Banyacya, Thomas (1909-1999)

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Banyacya, Thomas (1909-1999)

Thomas Banyacya, an elder of the Hopi Nation, was selected as one of four spokespersons of his people in 1948 to deliver an urgent prophetic message to all people. He was born on June 2, 1909, in Moencopi, a Hopi town in Arizona. He attended school under the name Thomas Jenkins, an Anglo name demanded of students at the time by the Bureau of Indian Affairs. He later adopted the name Thomas Banyacya, a combination of the name he had been called as a youth and his birth name. In 1930 he entered Bacone College in Oklahoma, an institution set up for Native Americans. The college did not include studies of Native American culture, and Banyacya and a fellow student set up a medicine lodge for the use of the other students. He dropped his early plans to become a Christian minister and returned to his home as a school teacher.

Banyacya emerged out of obscurity among his people in 1941 when he refused to register for the draft. He served seven years in prison. It was soon after his release from prison that the Hopi leadership selected him as one of their four representatives who were sent out with the Nation's message of peace. This message was one selected from a host of Hopi prophecies and warned that ecological disaster was imminent. If humanity continues to destroy nature, nature will rise up and destroy humankind. The message was integral to the Hopi vision of their role as the people of balance, who are acting on behalf of all humankind.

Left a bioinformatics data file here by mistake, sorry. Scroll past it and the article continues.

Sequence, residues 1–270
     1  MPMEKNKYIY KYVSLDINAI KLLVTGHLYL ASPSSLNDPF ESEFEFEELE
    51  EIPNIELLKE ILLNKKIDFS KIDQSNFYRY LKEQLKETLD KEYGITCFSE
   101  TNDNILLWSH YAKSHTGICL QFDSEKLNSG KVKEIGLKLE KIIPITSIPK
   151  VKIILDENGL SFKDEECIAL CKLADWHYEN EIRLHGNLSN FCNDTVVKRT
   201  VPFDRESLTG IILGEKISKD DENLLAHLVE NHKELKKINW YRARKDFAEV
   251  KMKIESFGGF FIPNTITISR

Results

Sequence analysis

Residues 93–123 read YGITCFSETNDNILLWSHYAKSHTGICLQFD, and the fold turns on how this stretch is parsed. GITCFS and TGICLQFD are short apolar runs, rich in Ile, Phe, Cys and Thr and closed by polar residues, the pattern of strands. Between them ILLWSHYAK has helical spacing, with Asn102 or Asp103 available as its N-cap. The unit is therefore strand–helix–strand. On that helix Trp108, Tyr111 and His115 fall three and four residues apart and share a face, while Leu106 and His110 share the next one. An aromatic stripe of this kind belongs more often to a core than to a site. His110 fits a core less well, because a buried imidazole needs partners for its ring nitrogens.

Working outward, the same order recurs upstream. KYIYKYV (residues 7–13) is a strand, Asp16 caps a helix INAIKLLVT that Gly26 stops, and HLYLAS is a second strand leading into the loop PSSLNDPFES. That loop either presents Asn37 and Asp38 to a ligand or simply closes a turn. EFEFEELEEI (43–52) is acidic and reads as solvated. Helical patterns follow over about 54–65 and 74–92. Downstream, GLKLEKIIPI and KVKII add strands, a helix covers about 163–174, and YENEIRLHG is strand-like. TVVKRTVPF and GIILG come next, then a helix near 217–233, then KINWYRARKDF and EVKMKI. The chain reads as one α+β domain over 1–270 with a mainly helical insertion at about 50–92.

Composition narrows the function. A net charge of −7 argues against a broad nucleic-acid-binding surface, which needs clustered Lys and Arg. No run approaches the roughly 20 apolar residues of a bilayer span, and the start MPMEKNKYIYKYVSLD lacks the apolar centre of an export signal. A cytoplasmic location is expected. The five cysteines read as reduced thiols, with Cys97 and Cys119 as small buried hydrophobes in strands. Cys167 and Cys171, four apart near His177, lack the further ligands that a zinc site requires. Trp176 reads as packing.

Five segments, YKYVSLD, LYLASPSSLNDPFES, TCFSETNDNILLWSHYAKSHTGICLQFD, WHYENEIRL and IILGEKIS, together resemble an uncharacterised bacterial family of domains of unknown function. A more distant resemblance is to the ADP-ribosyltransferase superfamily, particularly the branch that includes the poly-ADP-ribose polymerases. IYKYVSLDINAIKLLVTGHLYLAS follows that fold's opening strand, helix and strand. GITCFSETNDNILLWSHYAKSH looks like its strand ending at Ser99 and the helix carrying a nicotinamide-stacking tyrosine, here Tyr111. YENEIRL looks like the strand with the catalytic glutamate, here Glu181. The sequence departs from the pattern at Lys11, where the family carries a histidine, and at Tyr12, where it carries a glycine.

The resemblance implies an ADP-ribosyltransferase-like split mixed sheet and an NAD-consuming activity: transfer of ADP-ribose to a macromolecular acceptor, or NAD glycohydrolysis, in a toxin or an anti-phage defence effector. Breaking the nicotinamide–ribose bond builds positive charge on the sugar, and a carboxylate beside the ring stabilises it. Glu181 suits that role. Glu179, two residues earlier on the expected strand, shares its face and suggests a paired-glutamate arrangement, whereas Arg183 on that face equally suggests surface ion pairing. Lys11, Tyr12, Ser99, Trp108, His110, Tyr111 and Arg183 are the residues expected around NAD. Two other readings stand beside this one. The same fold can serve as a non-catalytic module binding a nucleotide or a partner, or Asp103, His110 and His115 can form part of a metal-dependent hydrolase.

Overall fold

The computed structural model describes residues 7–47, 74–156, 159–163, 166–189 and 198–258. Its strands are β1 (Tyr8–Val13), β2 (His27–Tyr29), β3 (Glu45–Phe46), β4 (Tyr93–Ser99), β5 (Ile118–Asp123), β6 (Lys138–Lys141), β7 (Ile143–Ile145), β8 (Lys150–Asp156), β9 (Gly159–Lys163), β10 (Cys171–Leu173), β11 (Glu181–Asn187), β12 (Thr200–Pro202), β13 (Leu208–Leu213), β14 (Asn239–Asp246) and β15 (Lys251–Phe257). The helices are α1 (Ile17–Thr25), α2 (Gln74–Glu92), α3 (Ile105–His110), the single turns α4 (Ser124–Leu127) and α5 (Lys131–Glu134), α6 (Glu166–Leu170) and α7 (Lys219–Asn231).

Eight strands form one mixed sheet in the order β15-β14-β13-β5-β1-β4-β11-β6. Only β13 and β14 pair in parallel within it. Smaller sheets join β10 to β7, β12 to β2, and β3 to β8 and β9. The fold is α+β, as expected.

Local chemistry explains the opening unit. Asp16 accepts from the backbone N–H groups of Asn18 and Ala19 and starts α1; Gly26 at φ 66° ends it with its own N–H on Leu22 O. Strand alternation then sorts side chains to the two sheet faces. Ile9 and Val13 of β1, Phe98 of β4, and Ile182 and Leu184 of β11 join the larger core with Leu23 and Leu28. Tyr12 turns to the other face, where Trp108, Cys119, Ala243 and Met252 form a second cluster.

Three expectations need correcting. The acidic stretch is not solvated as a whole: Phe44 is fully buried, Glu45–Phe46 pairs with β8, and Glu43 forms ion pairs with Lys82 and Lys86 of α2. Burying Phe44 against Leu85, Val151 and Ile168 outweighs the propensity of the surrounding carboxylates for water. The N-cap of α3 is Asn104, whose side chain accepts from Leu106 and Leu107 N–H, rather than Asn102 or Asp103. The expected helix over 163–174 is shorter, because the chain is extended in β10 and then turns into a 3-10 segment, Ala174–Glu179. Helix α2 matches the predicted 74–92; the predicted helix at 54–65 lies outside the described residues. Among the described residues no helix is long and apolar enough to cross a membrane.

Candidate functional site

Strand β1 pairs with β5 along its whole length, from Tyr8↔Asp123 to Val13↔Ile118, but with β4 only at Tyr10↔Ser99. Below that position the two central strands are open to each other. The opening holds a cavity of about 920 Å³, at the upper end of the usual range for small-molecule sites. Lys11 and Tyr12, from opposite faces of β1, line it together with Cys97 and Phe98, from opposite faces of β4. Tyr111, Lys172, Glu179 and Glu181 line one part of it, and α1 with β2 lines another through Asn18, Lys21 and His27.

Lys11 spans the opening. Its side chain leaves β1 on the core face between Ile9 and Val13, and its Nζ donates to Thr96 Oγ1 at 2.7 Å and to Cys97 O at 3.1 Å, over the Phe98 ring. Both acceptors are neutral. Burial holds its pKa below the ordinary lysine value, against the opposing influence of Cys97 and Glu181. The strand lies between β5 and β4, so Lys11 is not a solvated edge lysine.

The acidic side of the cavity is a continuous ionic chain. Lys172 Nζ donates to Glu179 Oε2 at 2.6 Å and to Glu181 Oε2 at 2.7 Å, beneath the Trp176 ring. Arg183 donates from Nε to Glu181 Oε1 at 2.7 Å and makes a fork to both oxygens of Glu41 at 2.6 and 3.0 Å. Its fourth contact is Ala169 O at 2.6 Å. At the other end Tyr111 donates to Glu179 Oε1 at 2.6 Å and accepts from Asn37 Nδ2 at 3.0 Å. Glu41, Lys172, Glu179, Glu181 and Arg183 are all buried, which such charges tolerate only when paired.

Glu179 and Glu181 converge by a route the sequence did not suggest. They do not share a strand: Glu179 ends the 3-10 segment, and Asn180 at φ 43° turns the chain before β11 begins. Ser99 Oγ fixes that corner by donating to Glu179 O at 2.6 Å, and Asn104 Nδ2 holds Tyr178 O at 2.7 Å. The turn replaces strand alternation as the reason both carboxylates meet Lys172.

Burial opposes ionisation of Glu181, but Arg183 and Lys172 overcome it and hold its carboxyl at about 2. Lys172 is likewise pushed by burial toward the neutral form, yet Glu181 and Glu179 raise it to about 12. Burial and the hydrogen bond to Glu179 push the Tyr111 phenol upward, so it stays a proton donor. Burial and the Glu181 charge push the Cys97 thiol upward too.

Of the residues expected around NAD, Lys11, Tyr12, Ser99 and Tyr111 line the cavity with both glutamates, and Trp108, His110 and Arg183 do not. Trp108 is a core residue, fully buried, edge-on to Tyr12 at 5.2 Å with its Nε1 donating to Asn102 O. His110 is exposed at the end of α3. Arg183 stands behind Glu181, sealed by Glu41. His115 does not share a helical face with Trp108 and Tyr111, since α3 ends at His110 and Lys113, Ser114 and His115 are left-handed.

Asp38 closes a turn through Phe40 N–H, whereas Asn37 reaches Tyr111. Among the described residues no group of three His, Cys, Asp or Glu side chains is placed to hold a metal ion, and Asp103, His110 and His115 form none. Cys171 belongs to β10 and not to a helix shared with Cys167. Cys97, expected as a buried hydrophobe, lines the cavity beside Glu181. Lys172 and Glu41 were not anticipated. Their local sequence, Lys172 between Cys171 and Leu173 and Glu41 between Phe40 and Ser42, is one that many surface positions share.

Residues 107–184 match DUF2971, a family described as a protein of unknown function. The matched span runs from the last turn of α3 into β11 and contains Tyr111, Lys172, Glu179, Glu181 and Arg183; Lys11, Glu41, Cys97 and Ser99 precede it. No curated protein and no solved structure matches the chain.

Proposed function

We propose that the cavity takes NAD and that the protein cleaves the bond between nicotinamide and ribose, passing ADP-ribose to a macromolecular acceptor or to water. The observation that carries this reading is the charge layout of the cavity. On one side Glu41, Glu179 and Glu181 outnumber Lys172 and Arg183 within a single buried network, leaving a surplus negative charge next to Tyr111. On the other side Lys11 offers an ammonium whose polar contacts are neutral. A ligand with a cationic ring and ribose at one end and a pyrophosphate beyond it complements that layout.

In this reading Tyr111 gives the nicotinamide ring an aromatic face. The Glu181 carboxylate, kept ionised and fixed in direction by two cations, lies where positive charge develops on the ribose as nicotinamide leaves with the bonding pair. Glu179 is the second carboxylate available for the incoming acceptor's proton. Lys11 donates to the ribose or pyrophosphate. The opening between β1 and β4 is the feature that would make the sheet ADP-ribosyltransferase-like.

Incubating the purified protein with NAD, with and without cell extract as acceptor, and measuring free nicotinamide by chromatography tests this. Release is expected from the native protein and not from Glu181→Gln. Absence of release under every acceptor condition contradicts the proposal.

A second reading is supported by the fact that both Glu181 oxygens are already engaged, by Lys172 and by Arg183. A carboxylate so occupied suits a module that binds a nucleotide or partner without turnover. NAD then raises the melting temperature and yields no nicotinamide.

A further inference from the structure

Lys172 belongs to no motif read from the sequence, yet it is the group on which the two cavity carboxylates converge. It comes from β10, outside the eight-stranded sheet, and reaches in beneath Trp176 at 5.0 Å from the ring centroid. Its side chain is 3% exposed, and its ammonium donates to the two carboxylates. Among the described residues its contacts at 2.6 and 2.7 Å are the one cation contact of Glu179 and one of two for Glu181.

Banyacya's first actions had some immediacy to them. In 1952 he organized a caravan to travel among the Native American people, encouraging the revival of interest in culture and ways. The next year he set up a meeting with President Eisenhower to gain conscientious objector status for the Hopi males. He also traveled to the UN building in New York to present the Hopi message. Soon afterwards he produced a passport as a citizen of the Hopi Nation and began to travel the world using it. During his many years of travel, he went across central Europe to Moscow and on another occasion to Japan. Most of his years were spent in the western United States.

Of the four messengers, Banyacya lived the longest. He passed away on February 6, 1999, in Hopi land.


Fitten, Ronald K. "Messenger Preaches Hopi Love of Earth." Seattle Times (February 21, 1994).

Thomas Banyacya. May 20, 2000.